Where the Wall Street Protests Might Matter
Does the simmering anti-Wall Street sentiment represent a moment or the birth of a movement?
For now, it’s closer to the former. The protest groups in New York City and elsewhere are loosely organized and have eschewed a formal political agenda.
But conditions for a lasting coalition are ideal, given widespread griping about income gaps, debit card fees, job prospects, underwater mortgages and a slew of other grievances, large and small.
So expect the protests to grow and spread, tapping into the deep well of American discontent and altering the political landscape for next year, much as the tea party movement did in 2010.
Next year’s elections, with the White House, control of the Senate and every House seat up for grabs, is shaping up as a clash of cultures: tea partyers vs. the Occupy Wall Street crowd, fighting for the minds — and votes — of those in between.
It’s more than just the haves against the have-nots. And it’s not, as some are trying to portray it, a fight over capitalism.
It’s really about Washington, not Wall Street, a showdown over the size and reach of government that will shape policy for at least the rest of the decade.
The ultimate success of the anti-Wall Street movement hinges on its finding a dance partner. Don’t be surprised if labor unions step up their backing, looking to cut in after a period of declining influence and diminishing membership numbers. Other liberal groups may get involved, too, as they sense an opportunity to fortify a coalition that has fallen on difficult times since the heady days of President Obama’s election three years ago.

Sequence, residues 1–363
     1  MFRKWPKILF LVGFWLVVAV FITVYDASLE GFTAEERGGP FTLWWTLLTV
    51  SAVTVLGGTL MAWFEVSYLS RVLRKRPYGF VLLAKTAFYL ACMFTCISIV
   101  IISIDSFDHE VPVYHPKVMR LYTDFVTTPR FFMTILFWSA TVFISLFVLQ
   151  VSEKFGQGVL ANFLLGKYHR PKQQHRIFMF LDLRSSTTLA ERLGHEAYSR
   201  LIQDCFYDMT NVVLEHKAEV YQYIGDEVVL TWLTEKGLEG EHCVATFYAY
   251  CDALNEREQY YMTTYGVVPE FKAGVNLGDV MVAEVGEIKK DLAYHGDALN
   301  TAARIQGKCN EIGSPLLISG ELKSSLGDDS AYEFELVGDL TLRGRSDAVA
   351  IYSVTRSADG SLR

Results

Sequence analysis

But there’s a potential downside for the movement. Linking too closely to some specific causes on the left may cost the protesters some public support, much the way the tea party lost some early backing by identifying too closely with the conservative wing of the Republican Party.
As the anti-Wall Street sentiment spreads, look for the GOP’s united stand against tax hikes to crumble — eventually. Republicans will hold their ground in next November’s debt cutting negotiations, but that will only fuel public anger and force a preelection GOP retreat in 2012. Fighting against higher taxes for millionaires is too big a risk in an election year if Republicans have any hope of broadening their appeal to independents and moderate Democrats.
Both parties will agree to cut the corporate tax rate, but probably not until 2013. In return, Congress will raise revenue by eliminating some popular deductions.
But protesters won’t get far trying to curb big business’s sway in Washington. Efforts to restrict campaign contributions from corporations are doomed. Both parties count on money from wealthy donors to fund their reelection bids. No major overhaul will happen as long as the Senate remains so evenly divided, no matter which party wins the White House or controls the House.
Also, bids to limit executive compensation will fail. Most elected officials have roots in the private sector and are reluctant to mandate any kind of ceiling. They’ll count on the higher tax rate for millionaires to tamp down protester outrage.
In political terms, the president might end up the biggest winner. The tea partyers already have energized the GOP. Now the anti-Wall Streeters are reengaging the young and restless Americans who helped Obama win in 2008. Obama’s challenge is to keep them fired up without alienating others in the year between now and Election Day.